Since 1994, California Pottery & Tile Works (CalPot) has kept alive the tradition and beauty of early 20th century tile-making to meet the needs of today’s architectural, design, and building industries. Historical tile restoration is a specialty.
“We like to be known as the Los Angeles manufacturer that has revived an old art form while also making it a modern art form,” said Desmond McLean, CalPot co-owner with his brother Sean.
CalPot’s Los Angeles studio-factory allows for its efficient production of large and small commercial, civic, hospitality, and residential custom projects.
The company is not only known as the go-to source for classic tile reproductions, but particularly for its ability to custom design, shape, bend and hand-glaze tiles to fit any project.
Simply, no two tiles are alike for many CalPot architectural projects.
“We’re not shy of doing anything where creativity is concerned,” Desmond explained.
CalPot’s studio artists work with architects and interior designers to create their original drawings and sketches in clay and glaze. That customization ability has attracted clients such as Disney, UC Irvine, Urth Caffé, Santa Barbara Zoo and La Cumbre Plaza, the Camarillo Public Library, public art mural projects, and several more.
Many clients get inspired by examining CalPot’s extensive library chronicling eras of architectural design. CalPot’s own tile offerings – including florals produced by the historic Malibu and Catalina pottery companies as well as Persian, Islamic, Saracen, Spanish Colonial, Mayan designs – are reinterpreted by staff artists and glaze-painters to meet exact color and size specifications of any tile project.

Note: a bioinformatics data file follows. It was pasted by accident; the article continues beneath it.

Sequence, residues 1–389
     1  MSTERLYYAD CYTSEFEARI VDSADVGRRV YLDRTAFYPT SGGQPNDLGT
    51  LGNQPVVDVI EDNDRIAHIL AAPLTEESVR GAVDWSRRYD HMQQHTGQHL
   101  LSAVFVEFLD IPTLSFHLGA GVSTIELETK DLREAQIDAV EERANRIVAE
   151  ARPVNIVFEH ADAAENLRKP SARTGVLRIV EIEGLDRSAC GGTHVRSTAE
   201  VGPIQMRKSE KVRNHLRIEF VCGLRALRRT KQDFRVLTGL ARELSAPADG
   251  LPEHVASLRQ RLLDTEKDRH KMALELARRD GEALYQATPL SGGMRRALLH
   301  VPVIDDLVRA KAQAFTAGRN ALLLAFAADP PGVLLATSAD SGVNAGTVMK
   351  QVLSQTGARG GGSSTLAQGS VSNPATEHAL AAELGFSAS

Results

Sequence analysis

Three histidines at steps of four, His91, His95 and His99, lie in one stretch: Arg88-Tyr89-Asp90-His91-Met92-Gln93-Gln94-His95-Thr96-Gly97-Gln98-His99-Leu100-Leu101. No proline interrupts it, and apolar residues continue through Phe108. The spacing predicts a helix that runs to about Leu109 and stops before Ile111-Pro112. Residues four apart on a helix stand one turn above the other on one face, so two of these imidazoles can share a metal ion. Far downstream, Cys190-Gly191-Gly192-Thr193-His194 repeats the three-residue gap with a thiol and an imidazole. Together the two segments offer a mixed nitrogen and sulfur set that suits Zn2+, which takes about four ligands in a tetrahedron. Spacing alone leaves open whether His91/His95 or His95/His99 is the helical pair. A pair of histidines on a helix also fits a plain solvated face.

CalPot created TilePainter™ 2.0, an online application that allows homeowners, interior designers and architects to design custom projects from their own computers. Users select designs from its California Pottery Collection and choose from a rainbow of glaze colors.
CalPot began as a construction company Sean McLean founded that was increasingly commissioned for architectural restorations, including tile projects for which he outsourced many processes.
Growing demand for tile projects led to bringing all those processes in-house to concentrate solely on design and production.
It’s a decision that changed the McLean brothers’ lives.
Sean said his favorite part of the job is “seeing the end result of what we’ve produced when we open up the kilns in the morning. You open a kiln and you’re going to see something beautiful every morning.”